In New York, Zephyr Teachout and Mohammad Khan explain in a white paper how corporate free market rich billionaires are subverting America’s democratic process in their efforts to dismantle America’s locally controlled public schools, stating, “The 2014 effort, a kind of lightning war on public education, is important for many reasons: it is hasty and secretive, depending on huge speed and big money, and driven by unaccountable private individuals. It represents a new form of political power, and therefore requires a new kind of political oversight.”  This document is must read because it clearly demonstrates how corporate and governmental mutualism on a national scale impacts an individual state.

On a national scale, the efforts of these free market corporate reformers, cloaked in the disingenuous façade of saviors to American democracy, however, have not been all that secretive.  Rather, these reformers up to now have often been simply operating below the radar of public – and most importantly – media scrutiny.

What these corporate reformers and their political operatives are doing is first and foremost an exercise in distorting the democratic nature and definition of locally controlled public schools.  They do this by perversely explaining that America’s locally controlled public schools are actually a monopoly.  However, this is a distortion of history to the extreme.  As Diane Ravitch points out, America’s institution of locally controlled public schools actually reflects the true essence of American democracy.

Radically changing the historic definition of public schools and ignoring the true democratic nature of these schools is the height of chicanery.  However, all citizens who support America’s institution of public schools need to realize that this political ploy when used by individuals such as Jeb Bush, Andrew Cuomo, and a raft of others such as Lamar Alexander, is essential in realizing the education agenda of corporate free market education reformers.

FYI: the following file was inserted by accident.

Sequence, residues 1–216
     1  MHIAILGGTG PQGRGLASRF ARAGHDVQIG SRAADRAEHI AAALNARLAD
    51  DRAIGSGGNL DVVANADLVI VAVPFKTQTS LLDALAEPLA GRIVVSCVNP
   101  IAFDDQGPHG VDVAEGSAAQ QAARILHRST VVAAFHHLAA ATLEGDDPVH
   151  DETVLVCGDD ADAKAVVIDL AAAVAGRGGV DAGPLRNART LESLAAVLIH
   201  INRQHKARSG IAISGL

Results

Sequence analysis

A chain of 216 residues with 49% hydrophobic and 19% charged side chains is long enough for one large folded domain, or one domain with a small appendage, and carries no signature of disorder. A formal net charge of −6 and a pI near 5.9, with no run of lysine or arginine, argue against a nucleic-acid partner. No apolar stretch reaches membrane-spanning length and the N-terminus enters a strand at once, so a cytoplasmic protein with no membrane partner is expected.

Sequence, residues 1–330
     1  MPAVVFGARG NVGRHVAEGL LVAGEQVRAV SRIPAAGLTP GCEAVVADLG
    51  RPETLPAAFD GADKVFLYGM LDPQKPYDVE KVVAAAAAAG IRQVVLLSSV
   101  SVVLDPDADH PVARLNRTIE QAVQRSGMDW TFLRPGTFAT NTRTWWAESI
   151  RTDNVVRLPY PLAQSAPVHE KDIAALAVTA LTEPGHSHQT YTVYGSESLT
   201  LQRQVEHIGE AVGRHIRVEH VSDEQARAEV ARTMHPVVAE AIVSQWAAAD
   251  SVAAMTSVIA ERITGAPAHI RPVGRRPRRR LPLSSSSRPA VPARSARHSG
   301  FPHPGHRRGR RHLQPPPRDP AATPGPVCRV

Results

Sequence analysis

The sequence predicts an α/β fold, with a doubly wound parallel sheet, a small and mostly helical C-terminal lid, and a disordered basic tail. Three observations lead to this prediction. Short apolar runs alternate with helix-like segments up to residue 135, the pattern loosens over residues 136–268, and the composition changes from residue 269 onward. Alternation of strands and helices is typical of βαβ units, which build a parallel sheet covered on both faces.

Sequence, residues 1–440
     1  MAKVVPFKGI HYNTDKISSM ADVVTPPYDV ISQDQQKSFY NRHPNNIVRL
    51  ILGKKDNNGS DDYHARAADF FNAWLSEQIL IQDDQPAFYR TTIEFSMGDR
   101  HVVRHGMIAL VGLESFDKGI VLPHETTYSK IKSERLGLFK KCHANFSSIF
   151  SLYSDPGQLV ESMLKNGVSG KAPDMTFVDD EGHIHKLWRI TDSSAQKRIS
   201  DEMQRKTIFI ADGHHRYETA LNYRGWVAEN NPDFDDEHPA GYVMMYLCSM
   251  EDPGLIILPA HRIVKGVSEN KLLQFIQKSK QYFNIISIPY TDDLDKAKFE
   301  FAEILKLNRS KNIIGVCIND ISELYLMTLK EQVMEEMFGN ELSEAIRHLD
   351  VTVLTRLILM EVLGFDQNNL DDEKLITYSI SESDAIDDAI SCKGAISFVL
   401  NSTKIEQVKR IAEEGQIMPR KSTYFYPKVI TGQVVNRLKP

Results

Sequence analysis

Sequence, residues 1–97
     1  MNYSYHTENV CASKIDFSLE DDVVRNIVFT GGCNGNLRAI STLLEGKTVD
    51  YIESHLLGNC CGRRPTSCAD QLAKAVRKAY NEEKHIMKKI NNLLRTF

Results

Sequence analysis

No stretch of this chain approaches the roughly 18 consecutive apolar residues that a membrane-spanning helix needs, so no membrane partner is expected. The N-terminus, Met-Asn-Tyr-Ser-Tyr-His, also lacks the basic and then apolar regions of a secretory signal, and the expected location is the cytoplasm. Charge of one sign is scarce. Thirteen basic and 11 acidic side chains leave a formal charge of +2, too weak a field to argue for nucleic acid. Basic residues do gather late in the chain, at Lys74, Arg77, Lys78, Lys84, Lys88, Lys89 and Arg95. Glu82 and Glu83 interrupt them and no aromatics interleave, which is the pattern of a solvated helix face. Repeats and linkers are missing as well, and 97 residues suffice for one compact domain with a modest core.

Pondering the Term Neoliberalism

Friedmanomics, School Vouchers, School Choice, and the Free Market: If you understand Milton Friedman you are on the road to understanding neoliberalism!

Let me save some folk’s time and state from the outset that if you understand the term neoliberalism and how it impacts current education reform, you need not go on reading. Going on might be a waste of time most of us can ill afford!

Now, I have confession to make. First of all, many years ago when I first encountered the term “neoliberalism” I actually thought it had something to do with what was generally considered liberal in the political sense, something like Progressivism and FDR’s New Deal policies – or fighting for social justice like what I thought all good “liberals” were engaged in doing. Maybe there are some folks out there who also had this experience – and maybe there are still some folks who think neoliberalism is just another way to describe the current tension between “liberals” and “conservatives” – and neoliberalism is just another word to describe liberals! Well – as I learned a bit more – I sure was wrong on that one!

Perhaps there are some who believe – just like I did many years ago – that neoliberalism was nothing more than liberalism with three additional words added! Well – I soon discovered that neoliberalism is conservatism in an economic sense. I wonder if there are a goodly number of Americans who when they hear the word neoliberalism Do Not automatically think conservatism?

I have another confession to make. I think the study of neoliberalism is not only intellectually fascinating, but also an essential activity for anyone who supports America’s public school system and wants to understand the free market corporate ideological forces that want to dismantle that system.

And now I have to make another confession, I think studying the writings of people like Michael Apple, Henry Giroux, Joel Spring, Stanley Aronowitz, Svi Shapiro, Noam Chomsky, and David Harvey – to mention only a very few who have written about neoliberalism – is always a truly enlightening and intellectually invigorating experience! (Good God, am I now a full-fledged NERD???) Nevertheless, I suggest that supporters of public schools read some of the works by individuals such as this.